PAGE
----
NEWS IN FOCUS: HOT ISSUE - Should charities pay their trustees?

KEN BURNETT, chairman of Action Aid

NO - The tradition of volunteerism is one of the greatest things about the sector. Before you consider paying trustees it's important to think about all the other things that make the position attractive. It's amazing how people respond positively to committing themselves to a cause where they see they're making a difference. If a charity is clear about its expectations then being trustee is a very rewarding job and I can't envisage a situation where it would be advantageous to pay people money to take on this role.

PADDY FITZGERALD, author of the RSA report on corporate governance

YES - If you want to boost the performance of charity bodies you need to access new skills provided primarily by younger people. While they want to help, many cannot or will not provide the time required for trustee work which is on average over three times that required in commercial organisations. Paying trustees would make a difference to both younger people and the self-employed. We need to get their sense of pace and energy through to boards to make them function faster.

TESSE AKPEKI, head of the trustee and governance team at NCVO

NO - If you have bad trustees, paying them will not make them good. With regard to recruitment, there are more effective ways of addressing this than through payment. Better recruitment methods and induction, plus an ongoing programme of support are more important. Once you appoint trustees, the crucial issue is making them feel valued. So as a blanket response I would say no to payment. I believe in the no-benefit rule, that trustees should not benefit from their trust.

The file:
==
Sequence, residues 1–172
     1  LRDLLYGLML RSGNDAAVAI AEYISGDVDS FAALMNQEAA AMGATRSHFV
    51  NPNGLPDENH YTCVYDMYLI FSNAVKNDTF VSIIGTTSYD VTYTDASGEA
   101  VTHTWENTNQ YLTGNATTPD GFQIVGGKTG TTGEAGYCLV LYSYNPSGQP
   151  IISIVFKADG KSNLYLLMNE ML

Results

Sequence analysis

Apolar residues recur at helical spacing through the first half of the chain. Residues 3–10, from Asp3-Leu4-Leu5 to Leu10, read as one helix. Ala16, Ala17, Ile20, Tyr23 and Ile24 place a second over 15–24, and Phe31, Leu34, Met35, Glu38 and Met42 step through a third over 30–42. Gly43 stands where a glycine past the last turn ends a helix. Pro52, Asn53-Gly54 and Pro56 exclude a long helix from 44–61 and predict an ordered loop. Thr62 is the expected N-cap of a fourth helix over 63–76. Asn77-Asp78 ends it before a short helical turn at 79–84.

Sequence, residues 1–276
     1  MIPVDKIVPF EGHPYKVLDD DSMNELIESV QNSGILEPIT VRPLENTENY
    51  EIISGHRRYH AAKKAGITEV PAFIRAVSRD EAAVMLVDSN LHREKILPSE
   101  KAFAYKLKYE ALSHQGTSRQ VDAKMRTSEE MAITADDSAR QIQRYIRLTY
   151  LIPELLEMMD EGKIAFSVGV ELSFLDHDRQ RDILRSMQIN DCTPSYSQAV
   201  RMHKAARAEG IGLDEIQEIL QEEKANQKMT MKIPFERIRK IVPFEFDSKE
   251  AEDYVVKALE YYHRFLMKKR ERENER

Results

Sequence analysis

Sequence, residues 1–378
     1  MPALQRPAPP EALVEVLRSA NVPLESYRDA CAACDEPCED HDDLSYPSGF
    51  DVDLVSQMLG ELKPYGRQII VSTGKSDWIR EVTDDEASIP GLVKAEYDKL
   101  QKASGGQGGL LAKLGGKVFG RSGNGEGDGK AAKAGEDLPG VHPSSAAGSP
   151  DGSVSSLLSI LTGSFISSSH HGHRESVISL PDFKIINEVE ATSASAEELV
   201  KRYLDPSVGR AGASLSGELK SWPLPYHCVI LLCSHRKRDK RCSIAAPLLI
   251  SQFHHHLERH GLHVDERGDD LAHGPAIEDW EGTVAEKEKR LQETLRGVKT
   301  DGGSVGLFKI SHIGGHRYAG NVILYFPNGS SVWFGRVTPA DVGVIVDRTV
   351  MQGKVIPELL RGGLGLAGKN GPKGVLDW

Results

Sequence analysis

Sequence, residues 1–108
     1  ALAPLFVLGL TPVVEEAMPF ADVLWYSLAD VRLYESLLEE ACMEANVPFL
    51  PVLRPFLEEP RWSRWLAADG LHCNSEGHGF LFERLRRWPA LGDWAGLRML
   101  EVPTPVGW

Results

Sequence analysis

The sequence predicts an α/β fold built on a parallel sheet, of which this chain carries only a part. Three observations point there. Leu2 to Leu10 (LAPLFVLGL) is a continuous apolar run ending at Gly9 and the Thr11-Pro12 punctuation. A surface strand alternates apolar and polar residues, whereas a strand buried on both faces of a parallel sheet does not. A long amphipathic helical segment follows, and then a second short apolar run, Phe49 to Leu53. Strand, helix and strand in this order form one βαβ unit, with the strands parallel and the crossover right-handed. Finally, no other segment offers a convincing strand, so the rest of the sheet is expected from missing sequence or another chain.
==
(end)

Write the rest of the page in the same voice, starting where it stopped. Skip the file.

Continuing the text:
ANDREW BROWN, former chairman of BTCV, deputy chair of Charity Trustee Networks

YES - Although I broadly support the voluntary principle of charity trusteeship, the Charity Commission needs to take a more flexible approach to this issue. The principle is fine in theory but often doesn't work in practice. This is especially true when applied to smaller charities who don't have the widespread appeal to pull in quality trustees. Most charities support the broad principle of voluntary trustees but big service charities have to run as a business.

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